Rating reflects...

*Bullet* The ending
*Bullet* Nice suspense


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7
7
Rated: 13+ | (4.5)
*Gift1* Thank you for giving a review to "The Gahazen Stone Saga. I thought I’d return the favor. *Gift1*


Formatting, Paragraphs, Sentence Structure, and Wording

but she had nothing to put on it, he could not keep laudanum down.
*Right* Conjunction
but she had nothing to put on it, and he could not keep laudanum down.

His fever was so high, and yet he did not sweat! … Some people said tiny animals caused infection, and that they were in everything!
*Right* These two exclaimed statements are pretty close together. Seeing emotion (indicated by the exclamation marks) in narrative, but not in the voice of the character, gives the impression to me that the author is telling me something, not the character.


Carter! or Rausch, or Giroux.
*Right* Odd punctuation


Mr. Andersen:
We found these cattle dead near our pond. We were so tempted by the meat that we gave in and ate some of it, but it isn't ours. Please send us a bill for the missing portion.
Mrs. Jack Thomas

*Right* Suggestion- can you make this stand out by italicizing it?


"You accusing me?”" Wortheim
*Right* Typo
"You accusing me?" Wortheim



I Liked

used her flatiron to cauterize the bullet wound in his leg.
*Star* Wonderful vocabulary choices!

She continued to sit next to the bed, occasionally sponging his forehead, but sometime near midnight, Jack's hand lost its warmth and stiffened in her grasp.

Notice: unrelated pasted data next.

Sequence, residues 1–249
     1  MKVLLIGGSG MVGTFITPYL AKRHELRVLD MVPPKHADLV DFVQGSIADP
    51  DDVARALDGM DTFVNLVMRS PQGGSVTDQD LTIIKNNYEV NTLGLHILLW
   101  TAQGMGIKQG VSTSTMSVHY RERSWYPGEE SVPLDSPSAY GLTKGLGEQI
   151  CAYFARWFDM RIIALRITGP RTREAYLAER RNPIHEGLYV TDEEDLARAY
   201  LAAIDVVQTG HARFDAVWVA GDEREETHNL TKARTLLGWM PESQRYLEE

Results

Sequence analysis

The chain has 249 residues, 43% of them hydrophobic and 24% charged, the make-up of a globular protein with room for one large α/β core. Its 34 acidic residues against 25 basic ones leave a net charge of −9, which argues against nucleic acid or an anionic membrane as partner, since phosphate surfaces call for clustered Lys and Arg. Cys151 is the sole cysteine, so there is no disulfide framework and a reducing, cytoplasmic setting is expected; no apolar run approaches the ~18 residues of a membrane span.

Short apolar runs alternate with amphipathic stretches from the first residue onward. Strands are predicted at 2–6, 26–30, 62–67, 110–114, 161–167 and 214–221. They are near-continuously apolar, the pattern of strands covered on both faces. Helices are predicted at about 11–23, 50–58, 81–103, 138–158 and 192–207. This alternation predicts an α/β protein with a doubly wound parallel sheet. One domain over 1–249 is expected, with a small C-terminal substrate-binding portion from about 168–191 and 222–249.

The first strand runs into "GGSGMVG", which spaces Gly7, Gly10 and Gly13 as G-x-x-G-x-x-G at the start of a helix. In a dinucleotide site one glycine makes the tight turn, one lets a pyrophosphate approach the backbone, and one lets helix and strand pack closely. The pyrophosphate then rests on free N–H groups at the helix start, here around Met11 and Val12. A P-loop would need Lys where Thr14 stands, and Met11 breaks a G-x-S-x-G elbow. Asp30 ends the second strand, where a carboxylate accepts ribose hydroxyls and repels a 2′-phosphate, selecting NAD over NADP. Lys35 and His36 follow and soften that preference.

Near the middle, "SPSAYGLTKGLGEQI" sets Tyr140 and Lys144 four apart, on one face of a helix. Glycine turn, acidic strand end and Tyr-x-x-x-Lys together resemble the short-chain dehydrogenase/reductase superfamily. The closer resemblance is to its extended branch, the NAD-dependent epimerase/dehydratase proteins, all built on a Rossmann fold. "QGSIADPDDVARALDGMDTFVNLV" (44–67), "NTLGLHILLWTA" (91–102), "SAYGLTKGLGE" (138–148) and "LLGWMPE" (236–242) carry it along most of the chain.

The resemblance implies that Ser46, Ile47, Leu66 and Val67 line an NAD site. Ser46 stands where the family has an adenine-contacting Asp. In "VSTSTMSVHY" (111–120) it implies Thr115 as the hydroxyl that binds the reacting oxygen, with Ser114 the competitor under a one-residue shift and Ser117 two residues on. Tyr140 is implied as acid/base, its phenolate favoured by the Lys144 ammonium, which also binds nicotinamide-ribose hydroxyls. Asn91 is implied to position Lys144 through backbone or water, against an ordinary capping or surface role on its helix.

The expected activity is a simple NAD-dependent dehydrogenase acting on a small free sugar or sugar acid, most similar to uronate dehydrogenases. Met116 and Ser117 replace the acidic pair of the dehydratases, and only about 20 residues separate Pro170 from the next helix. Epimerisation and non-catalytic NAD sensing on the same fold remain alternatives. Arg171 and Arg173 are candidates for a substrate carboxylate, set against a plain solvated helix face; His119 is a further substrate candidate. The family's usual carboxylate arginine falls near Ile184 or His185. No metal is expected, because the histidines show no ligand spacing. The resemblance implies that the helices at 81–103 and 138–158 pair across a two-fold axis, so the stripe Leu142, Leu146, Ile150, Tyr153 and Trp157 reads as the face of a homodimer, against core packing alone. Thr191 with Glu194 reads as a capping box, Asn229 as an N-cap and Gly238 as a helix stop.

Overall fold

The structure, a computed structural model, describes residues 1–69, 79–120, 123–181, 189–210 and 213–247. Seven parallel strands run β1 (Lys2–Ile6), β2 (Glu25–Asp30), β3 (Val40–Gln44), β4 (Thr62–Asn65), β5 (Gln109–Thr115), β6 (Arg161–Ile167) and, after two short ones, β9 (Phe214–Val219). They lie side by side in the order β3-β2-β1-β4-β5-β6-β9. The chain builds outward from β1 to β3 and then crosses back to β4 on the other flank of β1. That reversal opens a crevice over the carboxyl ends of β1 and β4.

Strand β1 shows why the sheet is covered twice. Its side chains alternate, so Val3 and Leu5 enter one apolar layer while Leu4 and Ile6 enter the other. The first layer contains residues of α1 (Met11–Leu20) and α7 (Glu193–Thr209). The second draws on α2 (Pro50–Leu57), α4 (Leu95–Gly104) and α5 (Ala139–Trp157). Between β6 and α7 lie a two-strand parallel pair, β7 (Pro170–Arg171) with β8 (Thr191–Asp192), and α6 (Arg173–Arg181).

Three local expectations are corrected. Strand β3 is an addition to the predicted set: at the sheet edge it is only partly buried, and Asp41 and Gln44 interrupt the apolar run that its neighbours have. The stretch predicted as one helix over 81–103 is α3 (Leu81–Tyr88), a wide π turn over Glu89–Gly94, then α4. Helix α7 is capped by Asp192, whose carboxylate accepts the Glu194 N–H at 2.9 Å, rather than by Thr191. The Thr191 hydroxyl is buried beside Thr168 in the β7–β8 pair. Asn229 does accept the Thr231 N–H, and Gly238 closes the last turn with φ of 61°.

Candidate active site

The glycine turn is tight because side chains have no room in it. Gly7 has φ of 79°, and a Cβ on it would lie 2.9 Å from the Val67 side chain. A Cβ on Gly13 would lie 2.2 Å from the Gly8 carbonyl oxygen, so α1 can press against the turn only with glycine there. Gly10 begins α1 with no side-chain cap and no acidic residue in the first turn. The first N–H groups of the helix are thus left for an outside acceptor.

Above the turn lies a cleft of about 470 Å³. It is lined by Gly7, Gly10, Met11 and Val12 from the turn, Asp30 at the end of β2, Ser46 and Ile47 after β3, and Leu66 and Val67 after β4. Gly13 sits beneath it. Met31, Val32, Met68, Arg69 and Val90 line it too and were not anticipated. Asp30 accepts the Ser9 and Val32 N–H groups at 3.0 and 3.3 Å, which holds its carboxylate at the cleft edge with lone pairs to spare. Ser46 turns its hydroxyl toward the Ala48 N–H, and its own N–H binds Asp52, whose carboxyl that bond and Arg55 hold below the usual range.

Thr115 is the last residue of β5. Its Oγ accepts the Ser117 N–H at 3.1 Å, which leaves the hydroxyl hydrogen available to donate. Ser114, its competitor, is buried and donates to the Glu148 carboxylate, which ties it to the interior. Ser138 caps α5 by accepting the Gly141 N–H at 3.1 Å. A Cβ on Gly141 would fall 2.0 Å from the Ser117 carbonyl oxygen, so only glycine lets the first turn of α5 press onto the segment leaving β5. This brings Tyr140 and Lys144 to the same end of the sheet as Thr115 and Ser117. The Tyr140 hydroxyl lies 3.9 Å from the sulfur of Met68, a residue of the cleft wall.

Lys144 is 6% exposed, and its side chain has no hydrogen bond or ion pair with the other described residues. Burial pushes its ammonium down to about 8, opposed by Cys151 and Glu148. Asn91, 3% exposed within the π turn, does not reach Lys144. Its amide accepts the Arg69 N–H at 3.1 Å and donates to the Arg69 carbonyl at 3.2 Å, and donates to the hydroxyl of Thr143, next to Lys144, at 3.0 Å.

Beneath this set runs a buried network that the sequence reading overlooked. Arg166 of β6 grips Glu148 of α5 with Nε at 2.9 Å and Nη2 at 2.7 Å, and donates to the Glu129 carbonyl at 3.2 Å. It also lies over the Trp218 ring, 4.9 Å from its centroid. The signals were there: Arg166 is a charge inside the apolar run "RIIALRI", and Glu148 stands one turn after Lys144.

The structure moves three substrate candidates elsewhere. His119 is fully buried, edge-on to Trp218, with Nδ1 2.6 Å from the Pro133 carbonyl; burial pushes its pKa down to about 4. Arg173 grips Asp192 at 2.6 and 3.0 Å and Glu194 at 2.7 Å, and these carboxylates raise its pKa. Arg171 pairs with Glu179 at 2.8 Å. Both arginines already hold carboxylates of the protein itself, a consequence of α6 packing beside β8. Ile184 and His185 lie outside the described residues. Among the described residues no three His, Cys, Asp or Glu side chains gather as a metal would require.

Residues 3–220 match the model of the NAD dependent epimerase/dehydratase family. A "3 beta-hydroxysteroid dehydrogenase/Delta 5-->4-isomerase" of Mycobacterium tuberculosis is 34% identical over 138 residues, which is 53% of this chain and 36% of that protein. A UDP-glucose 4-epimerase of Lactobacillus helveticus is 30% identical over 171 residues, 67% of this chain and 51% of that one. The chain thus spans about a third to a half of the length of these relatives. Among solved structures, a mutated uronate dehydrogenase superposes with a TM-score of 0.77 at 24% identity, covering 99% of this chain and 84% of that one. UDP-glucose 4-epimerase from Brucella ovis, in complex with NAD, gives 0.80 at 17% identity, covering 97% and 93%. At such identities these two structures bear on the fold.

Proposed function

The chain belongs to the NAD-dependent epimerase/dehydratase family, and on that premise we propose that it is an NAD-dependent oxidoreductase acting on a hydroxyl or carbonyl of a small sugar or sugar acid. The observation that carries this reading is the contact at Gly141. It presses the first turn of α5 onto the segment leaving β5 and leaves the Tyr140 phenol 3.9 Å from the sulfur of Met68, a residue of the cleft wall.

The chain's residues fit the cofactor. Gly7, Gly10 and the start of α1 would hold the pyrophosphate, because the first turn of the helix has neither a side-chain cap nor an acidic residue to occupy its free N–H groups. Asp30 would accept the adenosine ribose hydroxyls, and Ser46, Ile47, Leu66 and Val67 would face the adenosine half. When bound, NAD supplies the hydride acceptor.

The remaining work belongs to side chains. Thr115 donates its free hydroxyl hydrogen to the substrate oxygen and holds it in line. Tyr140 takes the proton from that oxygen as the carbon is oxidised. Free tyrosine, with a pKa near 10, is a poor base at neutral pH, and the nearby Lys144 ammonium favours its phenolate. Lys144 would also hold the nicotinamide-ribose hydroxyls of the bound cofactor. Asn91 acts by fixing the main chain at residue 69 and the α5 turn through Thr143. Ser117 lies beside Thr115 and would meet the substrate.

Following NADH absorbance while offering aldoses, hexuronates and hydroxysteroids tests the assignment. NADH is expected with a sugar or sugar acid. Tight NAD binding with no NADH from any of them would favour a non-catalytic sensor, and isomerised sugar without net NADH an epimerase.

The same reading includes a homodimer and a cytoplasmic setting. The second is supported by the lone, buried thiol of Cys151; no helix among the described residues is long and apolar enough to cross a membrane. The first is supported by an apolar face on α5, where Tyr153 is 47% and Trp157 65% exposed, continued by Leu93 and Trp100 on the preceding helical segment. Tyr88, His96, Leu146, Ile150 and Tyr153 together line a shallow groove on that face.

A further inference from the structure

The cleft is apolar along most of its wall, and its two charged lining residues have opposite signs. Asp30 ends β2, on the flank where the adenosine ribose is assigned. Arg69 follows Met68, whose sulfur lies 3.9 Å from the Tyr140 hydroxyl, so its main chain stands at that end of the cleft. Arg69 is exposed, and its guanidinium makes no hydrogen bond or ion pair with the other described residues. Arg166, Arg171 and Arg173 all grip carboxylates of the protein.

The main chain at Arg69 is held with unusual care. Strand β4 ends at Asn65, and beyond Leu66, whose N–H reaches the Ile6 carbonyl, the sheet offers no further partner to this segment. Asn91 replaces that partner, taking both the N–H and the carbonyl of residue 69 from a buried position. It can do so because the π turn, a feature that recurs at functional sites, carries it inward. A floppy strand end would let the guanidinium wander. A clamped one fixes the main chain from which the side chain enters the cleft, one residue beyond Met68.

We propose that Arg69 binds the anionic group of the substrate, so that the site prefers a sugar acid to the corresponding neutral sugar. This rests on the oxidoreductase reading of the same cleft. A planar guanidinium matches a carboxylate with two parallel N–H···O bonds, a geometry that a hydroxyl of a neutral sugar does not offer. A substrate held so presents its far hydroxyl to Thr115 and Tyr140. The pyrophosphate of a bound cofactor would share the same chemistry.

*Shock* What a wonderful opening! You make me want to read the rest of this. And for me, a struggling writer and a reading teacher, that’s a big deal. I read a lot, all kinds of stuff- from reviewing, editing, to books for my kids. So for my to finish the prologue and already decide I have to read the rest, that’s a big deal.

The last thin pillow was uncomfortable, and she thought absently that she would have to start saving feathers again from the chickens to make new ones.
*Star* Little thoughts like this help make the piece more time-line authentic.



Storytelling

went inside to prepare supper, and sent Luke out to milk the cow, feed and water the animals and to settle them for the night, and to bring wood in.
*Question*At this point in my reading, I still don’t know who Luke is.

*Star* By the beginning of chapter 3 I realized that I had no physical description of Ruth or Blake. No hair or eye color. Chapter 1, while in the house with body, would be a good time to describe Ruth.